MomoCon 2015: Critiquing Critique

Janelle Bonanno, editorial director of The Escapist and Defy Media, moderated and facilitated a necessary discussion regarding the importance of reviews in the modern era and how they have evolved throughout the years.

At the crux of the conversation was Josh Vanderwall, Editor-in-Chief of The Escapist, who indicated that graphics are the least important aspect of the review process. At one point, pre-PS2, pushing the graphical abilities of video games was a necessary part of the growth of the industry but since then the focus is on creating experiences that are worth the time of gamers.

Josh Engen, freelance writer, echoes the sentiment of Vanderwall from the perspective of reviewers. Engen indicates that video games are art and can express emotion and deliver intricate stories, there isn’t one thing that the reviewer should or shouldn’t harp on – it’s the entire package and the execution of all the different elements which culminate together. There is no other medium quite like it.

Rounding out the panel was the developer for Brawlhalla, Zeke Sparkes, who believes that reviewers can still articulate the experience of the game without necessarily having played through everything within the game. This theory comes in light of the vast amount of games available and increased gameplay length that can push 30, 40 or 100 plus hours to see everything within the game world.

Vaderwall agrees that it is possible for the reviewer to impart the experience of the game without having completing everything and that it isn’t necessary because most players don’t finish the game either. If reviewers go this route, Vanderwall indicated that they must be transparent and forthright to the audience.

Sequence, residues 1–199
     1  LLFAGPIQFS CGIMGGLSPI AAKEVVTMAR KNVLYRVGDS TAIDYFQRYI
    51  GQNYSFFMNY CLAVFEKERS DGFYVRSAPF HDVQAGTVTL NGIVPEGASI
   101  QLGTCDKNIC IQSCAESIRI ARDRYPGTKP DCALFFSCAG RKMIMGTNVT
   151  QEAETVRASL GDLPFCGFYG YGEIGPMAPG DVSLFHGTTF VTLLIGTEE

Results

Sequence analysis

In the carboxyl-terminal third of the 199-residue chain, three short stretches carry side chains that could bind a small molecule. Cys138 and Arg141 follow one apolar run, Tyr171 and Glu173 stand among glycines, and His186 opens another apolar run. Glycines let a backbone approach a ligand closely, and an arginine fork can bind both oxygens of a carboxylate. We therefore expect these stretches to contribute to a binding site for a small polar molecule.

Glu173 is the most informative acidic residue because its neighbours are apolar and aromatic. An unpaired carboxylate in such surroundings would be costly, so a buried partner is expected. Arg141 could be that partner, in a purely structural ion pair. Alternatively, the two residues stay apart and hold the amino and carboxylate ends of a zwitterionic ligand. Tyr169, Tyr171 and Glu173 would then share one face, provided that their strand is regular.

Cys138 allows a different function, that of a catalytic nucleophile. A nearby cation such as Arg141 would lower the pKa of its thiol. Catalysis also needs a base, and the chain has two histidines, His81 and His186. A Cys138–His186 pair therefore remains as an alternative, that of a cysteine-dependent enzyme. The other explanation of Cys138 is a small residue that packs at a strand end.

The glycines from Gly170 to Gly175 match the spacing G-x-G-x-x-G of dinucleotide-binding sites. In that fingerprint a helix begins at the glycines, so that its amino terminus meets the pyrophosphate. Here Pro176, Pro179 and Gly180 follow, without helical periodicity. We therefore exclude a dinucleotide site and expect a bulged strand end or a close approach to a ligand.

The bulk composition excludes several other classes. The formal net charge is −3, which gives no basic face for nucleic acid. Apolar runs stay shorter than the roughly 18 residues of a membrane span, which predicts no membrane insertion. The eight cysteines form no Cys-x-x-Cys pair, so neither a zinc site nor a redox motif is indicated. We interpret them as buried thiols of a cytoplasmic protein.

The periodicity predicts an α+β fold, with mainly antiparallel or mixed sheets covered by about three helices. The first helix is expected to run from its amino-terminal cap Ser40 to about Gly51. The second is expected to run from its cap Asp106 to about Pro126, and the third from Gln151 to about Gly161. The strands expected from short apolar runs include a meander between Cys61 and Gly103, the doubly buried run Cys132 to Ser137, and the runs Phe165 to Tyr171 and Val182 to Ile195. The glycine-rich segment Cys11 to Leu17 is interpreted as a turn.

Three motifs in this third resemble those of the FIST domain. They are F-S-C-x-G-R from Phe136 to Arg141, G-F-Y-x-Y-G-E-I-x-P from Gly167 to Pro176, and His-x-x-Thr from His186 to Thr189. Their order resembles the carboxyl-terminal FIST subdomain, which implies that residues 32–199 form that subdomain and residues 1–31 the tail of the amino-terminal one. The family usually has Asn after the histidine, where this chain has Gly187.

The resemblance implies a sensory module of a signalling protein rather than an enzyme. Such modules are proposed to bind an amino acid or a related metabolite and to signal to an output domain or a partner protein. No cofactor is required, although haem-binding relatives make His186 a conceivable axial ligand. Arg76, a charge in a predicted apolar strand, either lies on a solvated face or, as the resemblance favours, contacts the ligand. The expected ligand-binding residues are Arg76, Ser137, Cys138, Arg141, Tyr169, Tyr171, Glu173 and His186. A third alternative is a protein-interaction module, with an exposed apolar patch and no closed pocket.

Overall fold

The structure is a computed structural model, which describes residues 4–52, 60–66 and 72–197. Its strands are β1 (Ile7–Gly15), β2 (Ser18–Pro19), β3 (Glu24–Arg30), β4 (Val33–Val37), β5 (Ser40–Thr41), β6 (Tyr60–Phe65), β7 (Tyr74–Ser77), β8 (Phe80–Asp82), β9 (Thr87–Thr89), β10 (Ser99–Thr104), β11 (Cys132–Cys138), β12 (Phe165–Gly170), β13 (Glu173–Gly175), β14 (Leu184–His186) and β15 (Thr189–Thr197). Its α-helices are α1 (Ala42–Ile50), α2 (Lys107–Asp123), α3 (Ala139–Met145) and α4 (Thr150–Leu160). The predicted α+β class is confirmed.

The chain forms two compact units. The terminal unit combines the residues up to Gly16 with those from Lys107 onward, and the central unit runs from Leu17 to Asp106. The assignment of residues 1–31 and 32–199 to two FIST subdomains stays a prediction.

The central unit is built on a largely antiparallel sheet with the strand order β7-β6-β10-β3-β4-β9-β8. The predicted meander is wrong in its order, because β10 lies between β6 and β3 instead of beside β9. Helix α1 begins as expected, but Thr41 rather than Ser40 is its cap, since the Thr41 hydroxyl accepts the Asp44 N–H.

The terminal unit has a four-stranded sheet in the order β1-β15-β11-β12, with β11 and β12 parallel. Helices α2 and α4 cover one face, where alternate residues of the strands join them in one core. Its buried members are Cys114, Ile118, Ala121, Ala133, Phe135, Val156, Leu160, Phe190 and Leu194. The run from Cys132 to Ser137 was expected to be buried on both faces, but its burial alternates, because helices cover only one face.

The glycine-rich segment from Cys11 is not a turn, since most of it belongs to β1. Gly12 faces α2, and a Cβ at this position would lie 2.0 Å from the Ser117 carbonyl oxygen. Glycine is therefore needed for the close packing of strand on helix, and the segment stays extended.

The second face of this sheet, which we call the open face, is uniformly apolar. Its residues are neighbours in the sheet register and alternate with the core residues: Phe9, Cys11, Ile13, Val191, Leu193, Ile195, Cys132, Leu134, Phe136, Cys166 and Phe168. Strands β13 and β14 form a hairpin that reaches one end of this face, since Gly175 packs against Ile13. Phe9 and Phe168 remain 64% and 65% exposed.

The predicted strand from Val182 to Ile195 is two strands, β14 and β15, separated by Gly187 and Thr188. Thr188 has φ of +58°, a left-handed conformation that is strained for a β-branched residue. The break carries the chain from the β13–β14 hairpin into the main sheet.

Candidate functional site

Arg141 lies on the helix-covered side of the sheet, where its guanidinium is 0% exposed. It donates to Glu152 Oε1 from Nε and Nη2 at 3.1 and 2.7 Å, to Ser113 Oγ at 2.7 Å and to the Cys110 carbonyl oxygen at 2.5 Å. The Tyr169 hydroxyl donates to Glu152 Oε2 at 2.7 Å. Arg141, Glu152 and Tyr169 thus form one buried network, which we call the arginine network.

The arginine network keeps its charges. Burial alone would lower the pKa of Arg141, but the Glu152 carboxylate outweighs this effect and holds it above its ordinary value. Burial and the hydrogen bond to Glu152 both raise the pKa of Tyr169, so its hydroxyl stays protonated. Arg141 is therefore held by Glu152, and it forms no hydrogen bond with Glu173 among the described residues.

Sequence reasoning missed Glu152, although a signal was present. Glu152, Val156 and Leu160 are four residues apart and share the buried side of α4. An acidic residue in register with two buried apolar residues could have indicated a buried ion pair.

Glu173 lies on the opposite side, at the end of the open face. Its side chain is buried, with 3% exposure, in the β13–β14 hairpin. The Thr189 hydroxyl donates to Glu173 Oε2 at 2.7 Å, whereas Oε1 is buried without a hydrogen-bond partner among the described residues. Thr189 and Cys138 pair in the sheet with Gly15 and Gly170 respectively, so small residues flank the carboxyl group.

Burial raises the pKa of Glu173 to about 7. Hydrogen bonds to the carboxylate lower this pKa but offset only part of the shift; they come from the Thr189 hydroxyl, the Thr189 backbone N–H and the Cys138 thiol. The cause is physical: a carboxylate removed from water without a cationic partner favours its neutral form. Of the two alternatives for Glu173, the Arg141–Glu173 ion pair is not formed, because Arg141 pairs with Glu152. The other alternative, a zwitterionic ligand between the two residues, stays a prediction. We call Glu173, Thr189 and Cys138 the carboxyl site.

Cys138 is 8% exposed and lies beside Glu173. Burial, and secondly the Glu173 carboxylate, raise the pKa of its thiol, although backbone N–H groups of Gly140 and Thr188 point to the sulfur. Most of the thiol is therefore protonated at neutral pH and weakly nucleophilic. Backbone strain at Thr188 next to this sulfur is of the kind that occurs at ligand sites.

When asked about the importance of aggregate community review sites, Sparkes calls out that gamers who purchase, play and review a game are pre-disposed to like the experience. He still thinks these reviews have value, but admits being biased as his game sits at 95% with 2,000 reviews on Steam.

Vanderwall indicates that their isn’t really a distinction between fan and profesional reviews today – anyone who plays a game is a fan, and anyone who takes the time to write out or record their thoughts is a reviewer. The only real distinction is that some are blessed with a more high profile platform to speak from and larger audience.

Engen speaks out that when he reviews a game in a genre that he isn’t familiar with he has a tendency to be more lenient than one he knows inside and out, because he doesn’t know the elements that hardcore fans would be looking for in design mechanics.

The panel concluded with Vanderwall saying that review scores will always have a place and are important for some segments of the audience, thus are important to reviewers. He concedes there are people who jump straight to the score that never bother to read the review, but the score is still providing a valuable service for them. There are people who read the review and don’t care about the score. It’s up to reviewers to serve both audiences – including a score with the written review really isn’t hurting anyone.

The Escapist aims to capture and celebrate the contemporary video gaming lifestyle and MomoCon provides a stage for necessary discussions about the industry to occur. For more thoughts on the changing environment of video games, their creators and those that cover them be sure to check out MomoCon next year and every year!


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